FMCG leads 2022 as most resilient sector; agriculture emerges as biggest loser

In a span of just a few months, the political uncertainty-led turmoil has brought the economy to its knees as all sectors from the most sound to the unstable have been ravaged by the crisis. And it seems that the destruction is far from over.

The political tug-of-war over general elections and the administrative measures taken by the coalition government stoked fears of further economic instabilitypotentially devastatingly impacting businesses.

With most businesses bearing the brunt of this situation, the fast-moving consumer goods (FMCG) industry has managed to fare better than the rest. The catastrophic flooding impacted as many as 33 million people and the political regime change crippled many businesses, aggravating their financial burden.

However, the FMCG sector, an essential industry, has persisted in moving ahead against the headwinds and may have been the least affected sector.

Pakistan Business Council CEO Ehsan Malik confirmed to that despite challenging conditions, including high inflation, the FMCG industry continued to “grow its top line”, albeit mostly led by price increases.

“In some cases, margins declined, but for the most part, net profit increased,” Malik said, adding that major brands were able to cushion the rising cost by reducing the grammage of the packs.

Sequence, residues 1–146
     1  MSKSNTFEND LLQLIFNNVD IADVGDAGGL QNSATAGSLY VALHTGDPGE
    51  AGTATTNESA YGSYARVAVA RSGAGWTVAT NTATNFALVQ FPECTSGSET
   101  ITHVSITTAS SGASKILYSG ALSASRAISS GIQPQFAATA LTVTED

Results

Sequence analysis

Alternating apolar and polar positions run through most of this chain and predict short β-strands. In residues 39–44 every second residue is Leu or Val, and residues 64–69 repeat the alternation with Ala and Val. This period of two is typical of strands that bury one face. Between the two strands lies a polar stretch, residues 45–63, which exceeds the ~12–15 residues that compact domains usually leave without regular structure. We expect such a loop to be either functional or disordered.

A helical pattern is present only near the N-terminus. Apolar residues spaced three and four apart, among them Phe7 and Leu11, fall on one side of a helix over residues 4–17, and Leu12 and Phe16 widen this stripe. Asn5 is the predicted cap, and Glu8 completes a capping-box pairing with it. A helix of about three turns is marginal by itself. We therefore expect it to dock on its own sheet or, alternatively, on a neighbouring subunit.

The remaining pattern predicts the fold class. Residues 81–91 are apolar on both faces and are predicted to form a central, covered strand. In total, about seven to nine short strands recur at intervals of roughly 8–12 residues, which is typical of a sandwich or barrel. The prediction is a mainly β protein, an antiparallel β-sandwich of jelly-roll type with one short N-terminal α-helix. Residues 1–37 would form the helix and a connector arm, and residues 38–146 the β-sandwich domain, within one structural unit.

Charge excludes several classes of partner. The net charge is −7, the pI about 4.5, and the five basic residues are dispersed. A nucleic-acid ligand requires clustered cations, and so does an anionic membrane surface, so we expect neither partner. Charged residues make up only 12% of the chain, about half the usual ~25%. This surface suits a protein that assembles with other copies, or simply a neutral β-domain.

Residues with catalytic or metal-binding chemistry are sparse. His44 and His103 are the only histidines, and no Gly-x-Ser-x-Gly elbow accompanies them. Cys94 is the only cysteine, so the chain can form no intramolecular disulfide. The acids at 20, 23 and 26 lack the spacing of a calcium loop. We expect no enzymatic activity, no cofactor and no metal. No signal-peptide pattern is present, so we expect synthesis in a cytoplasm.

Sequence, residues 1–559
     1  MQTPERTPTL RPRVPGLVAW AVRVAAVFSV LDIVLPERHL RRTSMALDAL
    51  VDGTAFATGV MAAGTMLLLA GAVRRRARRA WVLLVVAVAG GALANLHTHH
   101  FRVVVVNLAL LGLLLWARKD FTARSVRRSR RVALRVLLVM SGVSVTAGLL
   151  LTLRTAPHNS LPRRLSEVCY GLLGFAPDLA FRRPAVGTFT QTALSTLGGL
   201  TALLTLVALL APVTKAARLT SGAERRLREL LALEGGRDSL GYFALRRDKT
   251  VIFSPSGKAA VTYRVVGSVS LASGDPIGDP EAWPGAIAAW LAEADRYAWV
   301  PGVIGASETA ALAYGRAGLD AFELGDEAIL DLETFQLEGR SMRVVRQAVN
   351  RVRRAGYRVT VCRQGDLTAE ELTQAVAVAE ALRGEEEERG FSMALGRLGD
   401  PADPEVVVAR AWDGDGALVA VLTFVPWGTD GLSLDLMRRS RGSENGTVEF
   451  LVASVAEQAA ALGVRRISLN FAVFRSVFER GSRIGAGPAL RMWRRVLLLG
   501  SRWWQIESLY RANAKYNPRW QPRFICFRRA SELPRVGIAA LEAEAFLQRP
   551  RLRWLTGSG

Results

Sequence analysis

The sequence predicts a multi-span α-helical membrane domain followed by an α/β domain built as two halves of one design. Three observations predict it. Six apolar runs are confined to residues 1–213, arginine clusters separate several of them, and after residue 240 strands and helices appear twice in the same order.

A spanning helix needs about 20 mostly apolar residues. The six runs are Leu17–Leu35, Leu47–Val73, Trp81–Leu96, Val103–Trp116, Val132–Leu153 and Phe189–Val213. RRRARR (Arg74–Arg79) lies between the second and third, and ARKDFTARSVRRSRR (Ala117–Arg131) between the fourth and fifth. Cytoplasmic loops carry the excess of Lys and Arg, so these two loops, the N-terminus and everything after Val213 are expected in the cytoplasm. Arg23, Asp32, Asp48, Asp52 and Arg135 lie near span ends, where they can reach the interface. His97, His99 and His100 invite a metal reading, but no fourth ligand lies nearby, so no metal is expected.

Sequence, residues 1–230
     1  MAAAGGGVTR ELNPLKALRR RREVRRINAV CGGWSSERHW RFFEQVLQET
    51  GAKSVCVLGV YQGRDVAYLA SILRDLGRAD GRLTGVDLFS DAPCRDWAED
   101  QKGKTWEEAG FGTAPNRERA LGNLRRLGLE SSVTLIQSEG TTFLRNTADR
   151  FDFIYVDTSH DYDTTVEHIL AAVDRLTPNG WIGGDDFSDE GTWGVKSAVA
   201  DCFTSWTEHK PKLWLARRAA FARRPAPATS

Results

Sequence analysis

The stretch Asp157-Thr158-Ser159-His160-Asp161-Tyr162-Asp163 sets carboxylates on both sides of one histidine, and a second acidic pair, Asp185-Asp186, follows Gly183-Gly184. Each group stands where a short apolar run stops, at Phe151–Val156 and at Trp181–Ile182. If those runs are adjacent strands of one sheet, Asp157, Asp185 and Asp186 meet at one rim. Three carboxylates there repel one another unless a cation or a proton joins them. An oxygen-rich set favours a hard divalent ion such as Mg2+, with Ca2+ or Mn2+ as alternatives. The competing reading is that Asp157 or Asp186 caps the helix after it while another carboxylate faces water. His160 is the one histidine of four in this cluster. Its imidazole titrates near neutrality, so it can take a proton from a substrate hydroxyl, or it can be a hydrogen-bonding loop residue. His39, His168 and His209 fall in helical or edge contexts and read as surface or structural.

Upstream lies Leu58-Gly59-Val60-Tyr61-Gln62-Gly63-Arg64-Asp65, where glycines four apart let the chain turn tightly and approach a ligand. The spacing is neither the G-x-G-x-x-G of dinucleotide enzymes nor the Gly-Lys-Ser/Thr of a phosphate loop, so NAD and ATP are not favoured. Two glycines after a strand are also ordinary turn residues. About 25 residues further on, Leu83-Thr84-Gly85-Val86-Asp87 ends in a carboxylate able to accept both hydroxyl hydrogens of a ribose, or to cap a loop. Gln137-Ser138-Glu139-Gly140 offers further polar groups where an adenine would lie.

The FMCG industry belongs to a defensive sector as it caters to the daily needs of people; therefore, it is able to withstand pressures arising from lower disposable incomes.

Moreover, while Pakistan continued to struggle with the infrastructural needs of the rising population, the FMCG industry takes benefited from it.

Malik says the rising population and growing urbanization help transform demand from open to packed formats.

The FMCG companies also took other such measures to ensure there was no financial burden on the supply chain.

Meanwhile, consumer behavior also changed as although demand for certain brands rose two to three times than usual, it was a one-off surge. Panic buying by consumers was driven by the fear that products will run out of stock due to the import ban imposed by the government in May.

In May, the coalition government — just one month after coming into power — through an SRO598 of 2022 slapped a ban on the import of nearly 800 items in 33 categories in a bid to contain the rising import bill to minimize pressure on the country’s dwindling foreign exchange reserves.

However, the government, after realizing the folly and the haste with which the step had been announced, lifted the ban on most of the items subsequently except three — completely built-up (CBU) vehicles, cellphones, and electronics.

Since people accumulated stocks of goods for two to three months due to the ban, next month they would not have the same demand. There wasn’t a permanent increase in demand — as the ban was also with drawn later.

He added that even with the panic behavior, the scale was vastly different from the trend seen in other economies as most people in Pakistan did not have a lot of disposable income.

A one-time surge in demand for certain products was seen, while for others there was a permanent change in the habit in some cases.